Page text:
CHECK OUT OUR SOAP SUBSCRIPTION AND 50% OFF SALE! CLICK HERE! I’ve had a long and troubled relationship with snapdragons. Snapdragons have always been one of those flowers that just wouldn’t grow the way I wanted. I’ve seen those “real” flower farms, with rows and […]
Tag: hardy annual flowers
So, I’ll admit – I didn’t know what to call this post. For some reason, calling something “super cute” doesn’t seem like the most professional thing to do – but then again, I’m not a professional. That means these pansies are officially being classified as […]
I’ve always wanted to make weekly updates, but I’ll admit, I always forget about them and fail to keep up with progress. Now that I’m actively trying to get into a better blogging routine, I’ll hopefully be able to maintain a better schedule. Let’s see […]
Hi Lovelies! I’m back with another growing tutorial! Want to see the post with photos and videos in it’s entirety? Click here! Hooray! Sweet peas (not the edible kind) are gorgeous and smell absolutely divine! Unfortunately, however, they can be somewhat difficult to grow depending […]
The love-in-a-mist flowers are finishing blooming in the garden, so I thought we’d take a look at my experience growing these unique flowers!
NAME: Love-in-a-Mist (Nigella)
TOXIC: YES. Always do your research and be responsible any time you add something new to the garden. Be aware of what you’re growing around kids, pets, and everyone else. Many ornamental plants and cut flowers are toxic. Use common sense, always wear gloves, wash hands, don’t touch your eyes or face, etc. Safety first! Before planting, ensure that plants are not considered invasive in your area.
HOW: Easy to direct sow. Easy to germinate using the winter sowing method. Broadcasting seed onto prepared flower beds.
WHEN: In my garden, the best results come from seeds that were direct sown in fall (at the end of September in my garden). The seeds germinate and seedlings survive the winter. Overwintering of seedlings seems to vary greatly. One variety survived without much loss, but another variety completely died and did not make it through the winter. Obviously, results will vary from garden to garden. Overall, I had a decent success rate. My seedlings survived a few nights down to 8F, with little damage. They were also briefly covered in snow.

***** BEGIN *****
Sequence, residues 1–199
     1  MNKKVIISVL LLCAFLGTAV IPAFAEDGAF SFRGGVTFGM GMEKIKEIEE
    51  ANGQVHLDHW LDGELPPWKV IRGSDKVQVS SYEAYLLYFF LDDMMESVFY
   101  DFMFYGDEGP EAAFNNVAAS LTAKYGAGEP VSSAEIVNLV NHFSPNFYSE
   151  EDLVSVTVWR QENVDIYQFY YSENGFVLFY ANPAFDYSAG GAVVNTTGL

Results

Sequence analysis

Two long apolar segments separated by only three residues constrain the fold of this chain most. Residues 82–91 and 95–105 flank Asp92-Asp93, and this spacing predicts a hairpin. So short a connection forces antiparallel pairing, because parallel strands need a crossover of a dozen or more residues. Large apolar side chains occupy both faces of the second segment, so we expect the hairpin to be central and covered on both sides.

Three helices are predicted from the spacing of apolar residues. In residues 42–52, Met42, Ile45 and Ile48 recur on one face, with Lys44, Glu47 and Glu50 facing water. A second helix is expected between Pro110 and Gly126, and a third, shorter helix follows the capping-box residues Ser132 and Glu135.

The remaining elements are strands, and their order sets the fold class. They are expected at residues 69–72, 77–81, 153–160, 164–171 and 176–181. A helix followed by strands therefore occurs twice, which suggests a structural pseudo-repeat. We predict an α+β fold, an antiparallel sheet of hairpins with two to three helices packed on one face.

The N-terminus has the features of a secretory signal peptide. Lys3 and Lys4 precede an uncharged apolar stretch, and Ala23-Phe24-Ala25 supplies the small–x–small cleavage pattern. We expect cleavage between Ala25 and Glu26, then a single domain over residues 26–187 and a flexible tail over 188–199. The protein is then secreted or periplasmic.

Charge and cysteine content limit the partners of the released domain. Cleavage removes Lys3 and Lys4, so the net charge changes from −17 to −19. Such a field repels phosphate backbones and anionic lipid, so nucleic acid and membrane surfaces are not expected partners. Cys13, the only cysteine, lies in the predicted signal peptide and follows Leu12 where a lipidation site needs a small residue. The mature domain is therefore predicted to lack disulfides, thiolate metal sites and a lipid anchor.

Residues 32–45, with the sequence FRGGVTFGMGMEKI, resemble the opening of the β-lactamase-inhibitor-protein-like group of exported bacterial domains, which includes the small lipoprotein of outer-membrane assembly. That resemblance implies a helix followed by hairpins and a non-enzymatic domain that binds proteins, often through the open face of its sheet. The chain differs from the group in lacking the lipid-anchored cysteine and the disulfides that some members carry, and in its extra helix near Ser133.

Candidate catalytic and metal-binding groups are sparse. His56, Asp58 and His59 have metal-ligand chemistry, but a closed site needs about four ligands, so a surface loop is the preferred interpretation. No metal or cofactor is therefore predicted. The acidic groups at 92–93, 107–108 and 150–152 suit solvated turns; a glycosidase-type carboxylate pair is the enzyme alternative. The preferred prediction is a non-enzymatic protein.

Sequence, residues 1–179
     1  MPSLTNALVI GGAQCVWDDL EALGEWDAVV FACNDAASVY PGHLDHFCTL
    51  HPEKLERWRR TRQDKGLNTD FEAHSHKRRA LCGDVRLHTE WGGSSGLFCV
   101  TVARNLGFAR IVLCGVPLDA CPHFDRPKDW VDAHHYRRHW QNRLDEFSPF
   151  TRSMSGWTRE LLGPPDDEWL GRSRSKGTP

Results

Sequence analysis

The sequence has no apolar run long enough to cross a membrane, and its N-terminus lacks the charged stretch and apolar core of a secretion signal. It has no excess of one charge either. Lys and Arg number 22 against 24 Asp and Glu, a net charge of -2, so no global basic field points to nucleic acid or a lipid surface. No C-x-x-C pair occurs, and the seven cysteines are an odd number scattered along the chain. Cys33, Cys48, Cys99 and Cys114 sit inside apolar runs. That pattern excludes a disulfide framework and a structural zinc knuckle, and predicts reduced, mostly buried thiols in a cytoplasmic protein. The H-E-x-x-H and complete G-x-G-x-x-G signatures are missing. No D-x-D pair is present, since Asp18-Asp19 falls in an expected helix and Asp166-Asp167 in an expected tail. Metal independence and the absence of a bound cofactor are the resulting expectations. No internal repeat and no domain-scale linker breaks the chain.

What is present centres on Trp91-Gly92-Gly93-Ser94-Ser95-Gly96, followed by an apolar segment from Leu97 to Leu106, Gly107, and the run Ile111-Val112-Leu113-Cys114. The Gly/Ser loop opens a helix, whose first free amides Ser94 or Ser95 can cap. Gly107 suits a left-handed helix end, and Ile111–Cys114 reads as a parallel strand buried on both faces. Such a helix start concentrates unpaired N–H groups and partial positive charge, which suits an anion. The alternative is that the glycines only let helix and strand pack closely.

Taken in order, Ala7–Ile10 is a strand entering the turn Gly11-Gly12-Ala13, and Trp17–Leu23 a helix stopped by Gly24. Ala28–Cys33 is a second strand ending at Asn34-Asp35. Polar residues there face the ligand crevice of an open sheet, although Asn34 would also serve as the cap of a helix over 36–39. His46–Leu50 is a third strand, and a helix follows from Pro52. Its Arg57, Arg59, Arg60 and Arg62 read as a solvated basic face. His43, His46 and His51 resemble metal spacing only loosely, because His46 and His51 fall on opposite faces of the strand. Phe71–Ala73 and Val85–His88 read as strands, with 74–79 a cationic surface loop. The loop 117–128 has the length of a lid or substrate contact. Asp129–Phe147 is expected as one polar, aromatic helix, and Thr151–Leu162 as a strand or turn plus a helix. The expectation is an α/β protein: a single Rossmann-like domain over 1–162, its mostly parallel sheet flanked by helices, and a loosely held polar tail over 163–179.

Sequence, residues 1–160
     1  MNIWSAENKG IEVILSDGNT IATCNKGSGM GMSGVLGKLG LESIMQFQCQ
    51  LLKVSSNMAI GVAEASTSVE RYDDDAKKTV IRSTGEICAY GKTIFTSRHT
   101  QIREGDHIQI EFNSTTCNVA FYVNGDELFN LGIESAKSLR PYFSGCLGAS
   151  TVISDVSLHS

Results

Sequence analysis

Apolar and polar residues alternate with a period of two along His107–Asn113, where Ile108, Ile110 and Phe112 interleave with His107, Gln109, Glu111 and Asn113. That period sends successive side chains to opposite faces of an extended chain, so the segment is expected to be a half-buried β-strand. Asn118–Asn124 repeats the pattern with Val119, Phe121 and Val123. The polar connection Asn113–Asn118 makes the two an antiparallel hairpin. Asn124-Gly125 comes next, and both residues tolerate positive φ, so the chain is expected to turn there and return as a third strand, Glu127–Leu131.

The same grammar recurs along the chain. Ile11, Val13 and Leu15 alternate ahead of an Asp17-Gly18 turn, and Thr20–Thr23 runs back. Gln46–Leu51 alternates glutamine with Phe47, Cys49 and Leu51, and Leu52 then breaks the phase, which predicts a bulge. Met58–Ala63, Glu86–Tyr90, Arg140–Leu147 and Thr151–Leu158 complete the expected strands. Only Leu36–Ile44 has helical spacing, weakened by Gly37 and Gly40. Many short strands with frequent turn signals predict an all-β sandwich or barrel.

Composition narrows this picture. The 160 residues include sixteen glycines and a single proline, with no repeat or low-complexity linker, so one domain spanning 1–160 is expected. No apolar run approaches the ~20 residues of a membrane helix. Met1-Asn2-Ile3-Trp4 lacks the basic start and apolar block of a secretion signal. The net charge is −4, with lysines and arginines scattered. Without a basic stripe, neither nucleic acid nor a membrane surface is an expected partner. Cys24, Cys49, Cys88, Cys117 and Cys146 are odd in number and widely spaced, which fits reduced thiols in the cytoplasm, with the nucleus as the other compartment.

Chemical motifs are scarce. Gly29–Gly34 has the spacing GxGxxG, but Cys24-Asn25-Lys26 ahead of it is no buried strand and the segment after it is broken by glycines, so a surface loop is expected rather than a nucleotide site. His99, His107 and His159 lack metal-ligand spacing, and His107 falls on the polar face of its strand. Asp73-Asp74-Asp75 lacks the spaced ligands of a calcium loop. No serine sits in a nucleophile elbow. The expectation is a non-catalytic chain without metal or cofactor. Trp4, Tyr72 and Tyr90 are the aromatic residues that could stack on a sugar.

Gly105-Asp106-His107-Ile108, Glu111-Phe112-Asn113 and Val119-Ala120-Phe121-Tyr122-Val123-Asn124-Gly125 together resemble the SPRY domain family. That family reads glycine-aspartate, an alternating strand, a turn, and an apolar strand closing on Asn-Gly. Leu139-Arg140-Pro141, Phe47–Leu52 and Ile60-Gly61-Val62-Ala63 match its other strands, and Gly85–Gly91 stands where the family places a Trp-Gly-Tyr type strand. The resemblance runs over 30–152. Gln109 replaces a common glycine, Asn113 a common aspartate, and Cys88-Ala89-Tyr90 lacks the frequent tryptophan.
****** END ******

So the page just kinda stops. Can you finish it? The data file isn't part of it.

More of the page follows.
Direct sowing the seeds in the spring as soon as soil can be worked is also an option. The resulting plants from a spring planting were much smaller, but the stems were still usable for bouquets. I imagine that people who live in cooler climates might be able to even succession sow these seeds for a longer bloom time, but I don’t think it would be very effective in my garden.
Love-in-a-Mist appear to germinate best when temperatures are cool. While I’m not sure if they require a period of cold before germination, this requirement would naturally be met when planted in the fall. The seeds also respond well to use of the winter sowing method. This year, I plan on trying to grow love-in-a-mist as a biennial in hopes of bigger plants and more blooms next spring.
Hi Lovelies, I’m back! With the weather finally warming up, that means we’ve got even more plants coming into bloom! Today we’ll be taking a look at larkspur. Here in my zone, larkspur can sometimes be a little bit tricky. Here are some of the […]